CHEVERLY, Md. (AP) - Former Pro Bowl linebacker LaVar Arrington was hospitalized Monday with serious but not life-threatening injuries after his motorcycle crashed on a highway ramp.
Arrington lost control and hit a guardrail, Maryland State Police Sgt. Russell Newell said. He said police did not know how fast Arrington was traveling.
Arrington, who turns 29 Wednesday, was wearing a helmet and alcohol was not involved in the accident, Newell said. Arrington was issued two citations - one for operating the motorcycle without a proper license and the other for the crash itself.
Arrington's attorney, Rosalyn Pugh, said the former Redskins and Giants player had "a few broken bones, which you might expect from a motorcycle accident." She said he had not had surgery.
Pugh said Arrington was expected to remain at Prince George's Hospital Center overnight and his condition would be reevaluated in the morning. Arrington's mother, father and wife were at his bedside, she said.
"I've spoken with his wife and she says he's in good spirits," Pugh said.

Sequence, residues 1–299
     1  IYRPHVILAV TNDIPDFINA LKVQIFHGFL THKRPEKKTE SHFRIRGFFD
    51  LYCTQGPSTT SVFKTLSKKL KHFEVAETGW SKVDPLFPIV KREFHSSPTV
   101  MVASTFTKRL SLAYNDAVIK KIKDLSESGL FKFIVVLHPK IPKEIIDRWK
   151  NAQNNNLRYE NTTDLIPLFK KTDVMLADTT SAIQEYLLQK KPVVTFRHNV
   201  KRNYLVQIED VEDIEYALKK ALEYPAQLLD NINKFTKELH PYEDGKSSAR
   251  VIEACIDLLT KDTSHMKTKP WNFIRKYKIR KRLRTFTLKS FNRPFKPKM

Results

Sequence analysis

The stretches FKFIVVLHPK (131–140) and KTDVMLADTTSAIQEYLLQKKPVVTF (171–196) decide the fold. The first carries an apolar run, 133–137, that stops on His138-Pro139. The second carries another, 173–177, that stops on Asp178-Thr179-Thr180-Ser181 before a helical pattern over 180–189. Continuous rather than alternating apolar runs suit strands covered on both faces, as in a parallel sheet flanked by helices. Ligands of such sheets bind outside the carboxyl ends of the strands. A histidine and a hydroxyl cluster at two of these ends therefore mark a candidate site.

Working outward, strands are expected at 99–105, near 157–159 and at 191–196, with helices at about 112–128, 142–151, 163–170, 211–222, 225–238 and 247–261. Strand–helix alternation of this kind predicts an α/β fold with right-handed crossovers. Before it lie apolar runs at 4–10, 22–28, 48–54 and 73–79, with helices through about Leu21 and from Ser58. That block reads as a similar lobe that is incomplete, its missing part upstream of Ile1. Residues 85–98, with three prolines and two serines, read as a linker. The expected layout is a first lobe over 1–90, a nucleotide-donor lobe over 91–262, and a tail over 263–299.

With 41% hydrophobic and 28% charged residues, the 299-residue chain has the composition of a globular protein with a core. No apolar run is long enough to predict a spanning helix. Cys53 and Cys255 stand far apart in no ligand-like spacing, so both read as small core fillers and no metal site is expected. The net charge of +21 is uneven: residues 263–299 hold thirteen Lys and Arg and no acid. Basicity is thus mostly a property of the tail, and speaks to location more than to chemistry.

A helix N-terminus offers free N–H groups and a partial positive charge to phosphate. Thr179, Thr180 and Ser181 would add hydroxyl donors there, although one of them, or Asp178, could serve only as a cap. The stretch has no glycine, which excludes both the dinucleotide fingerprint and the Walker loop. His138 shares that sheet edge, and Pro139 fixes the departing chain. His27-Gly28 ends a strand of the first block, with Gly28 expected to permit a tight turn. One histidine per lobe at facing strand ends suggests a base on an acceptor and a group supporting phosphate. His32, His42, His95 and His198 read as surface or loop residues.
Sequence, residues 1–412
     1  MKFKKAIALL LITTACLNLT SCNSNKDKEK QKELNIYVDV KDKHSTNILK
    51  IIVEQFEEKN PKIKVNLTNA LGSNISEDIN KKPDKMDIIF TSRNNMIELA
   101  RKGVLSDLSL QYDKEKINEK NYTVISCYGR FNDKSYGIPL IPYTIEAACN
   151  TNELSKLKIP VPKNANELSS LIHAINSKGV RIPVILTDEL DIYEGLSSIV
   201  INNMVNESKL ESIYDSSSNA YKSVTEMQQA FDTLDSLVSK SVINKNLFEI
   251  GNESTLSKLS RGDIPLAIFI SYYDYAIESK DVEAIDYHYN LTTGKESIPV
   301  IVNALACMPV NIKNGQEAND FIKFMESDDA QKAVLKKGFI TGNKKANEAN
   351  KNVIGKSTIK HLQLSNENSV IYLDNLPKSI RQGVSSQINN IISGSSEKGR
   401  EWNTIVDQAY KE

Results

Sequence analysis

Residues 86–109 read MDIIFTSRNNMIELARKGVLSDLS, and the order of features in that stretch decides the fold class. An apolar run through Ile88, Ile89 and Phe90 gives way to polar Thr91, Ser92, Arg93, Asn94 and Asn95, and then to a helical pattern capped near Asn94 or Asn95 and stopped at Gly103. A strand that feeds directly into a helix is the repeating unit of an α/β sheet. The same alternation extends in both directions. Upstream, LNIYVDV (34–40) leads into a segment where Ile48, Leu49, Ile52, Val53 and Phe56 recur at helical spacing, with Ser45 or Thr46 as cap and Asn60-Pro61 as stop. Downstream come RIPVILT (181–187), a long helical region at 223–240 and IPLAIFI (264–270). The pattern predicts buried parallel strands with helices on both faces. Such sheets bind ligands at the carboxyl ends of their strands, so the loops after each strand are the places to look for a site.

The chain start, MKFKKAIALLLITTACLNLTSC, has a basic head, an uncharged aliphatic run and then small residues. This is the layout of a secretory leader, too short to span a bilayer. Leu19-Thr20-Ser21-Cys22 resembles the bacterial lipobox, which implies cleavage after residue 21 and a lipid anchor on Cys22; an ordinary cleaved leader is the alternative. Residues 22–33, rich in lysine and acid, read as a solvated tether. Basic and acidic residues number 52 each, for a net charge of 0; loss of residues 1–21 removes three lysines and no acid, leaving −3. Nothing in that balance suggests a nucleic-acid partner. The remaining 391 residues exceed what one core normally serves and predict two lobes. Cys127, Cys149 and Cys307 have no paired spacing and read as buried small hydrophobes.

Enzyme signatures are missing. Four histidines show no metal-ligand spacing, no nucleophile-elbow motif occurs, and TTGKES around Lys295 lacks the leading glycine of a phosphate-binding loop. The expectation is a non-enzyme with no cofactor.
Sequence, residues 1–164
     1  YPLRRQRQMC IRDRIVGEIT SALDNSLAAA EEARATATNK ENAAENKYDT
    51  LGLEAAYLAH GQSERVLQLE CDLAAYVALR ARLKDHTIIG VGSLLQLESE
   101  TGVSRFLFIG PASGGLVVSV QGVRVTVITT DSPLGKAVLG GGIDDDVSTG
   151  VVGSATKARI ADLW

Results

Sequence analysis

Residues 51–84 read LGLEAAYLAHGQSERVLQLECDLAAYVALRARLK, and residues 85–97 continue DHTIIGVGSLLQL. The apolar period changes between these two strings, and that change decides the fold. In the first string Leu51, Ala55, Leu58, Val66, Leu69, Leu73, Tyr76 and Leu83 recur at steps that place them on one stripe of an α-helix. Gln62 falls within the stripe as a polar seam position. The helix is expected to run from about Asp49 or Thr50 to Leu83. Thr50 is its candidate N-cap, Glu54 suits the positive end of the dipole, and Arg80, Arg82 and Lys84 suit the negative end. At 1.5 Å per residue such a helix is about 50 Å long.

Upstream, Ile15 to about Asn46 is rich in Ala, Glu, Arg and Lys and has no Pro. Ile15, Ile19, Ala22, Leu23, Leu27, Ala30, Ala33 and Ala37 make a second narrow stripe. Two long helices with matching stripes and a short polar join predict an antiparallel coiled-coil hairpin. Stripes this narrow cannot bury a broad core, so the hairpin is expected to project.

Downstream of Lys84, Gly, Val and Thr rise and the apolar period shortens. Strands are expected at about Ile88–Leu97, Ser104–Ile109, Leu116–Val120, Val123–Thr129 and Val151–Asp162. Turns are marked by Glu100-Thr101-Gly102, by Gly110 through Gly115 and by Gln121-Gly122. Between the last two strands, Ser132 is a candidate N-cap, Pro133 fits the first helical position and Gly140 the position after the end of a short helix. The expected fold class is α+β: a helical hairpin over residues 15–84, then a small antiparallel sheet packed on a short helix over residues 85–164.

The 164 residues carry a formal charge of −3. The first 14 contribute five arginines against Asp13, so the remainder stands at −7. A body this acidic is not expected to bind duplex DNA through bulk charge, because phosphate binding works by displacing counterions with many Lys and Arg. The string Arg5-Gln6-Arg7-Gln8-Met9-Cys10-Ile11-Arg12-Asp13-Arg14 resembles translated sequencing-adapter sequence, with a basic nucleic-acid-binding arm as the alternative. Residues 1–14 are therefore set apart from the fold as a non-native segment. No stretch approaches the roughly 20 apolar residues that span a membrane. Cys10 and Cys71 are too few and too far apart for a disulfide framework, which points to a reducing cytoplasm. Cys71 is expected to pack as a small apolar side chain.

Washington drafted Arrington No. 2 overall in 2000, and he made three Pro Bowl appearances while with the Redskins. Arrington bought out his contract after the 2005 season.
Arrington then joined the Giants but tore his Achilles' tendon in October and played only six games last season. New York released him in February as part of a salary cap purge under new general manager Jerry Reese, leaving Arrington to rehabilitate his injury while looking for another team.
While with the Redskins, Arrington became the team's most popular player and signed an eight-year, $68 million contract extension near the end of the 2003 season.
But Hall of Fame coach Joe Gibbs returned to the team with a new coaching staff in 2004, and Arrington's relationship with Washington began to sour. He hurt his knee early in the 2004 season and played in only four games.
In April 2005, after a second knee operation, Arrington criticized team officials for failing to support him during his injury. He also became involved in a dispute with Redskins owner Dan Snyder over a $6.5 million bonus Arrington said was missing from the final version of his contract.
The contract dispute was eventually settled, but Arrington then had a hard time getting on the field. He was used sparingly in the first six games of 2005 and didn't play at all in a loss against Denver. There was a sense that Arrington didn't fit well with defensive coordinator Gregg Williams' disciplined schemes.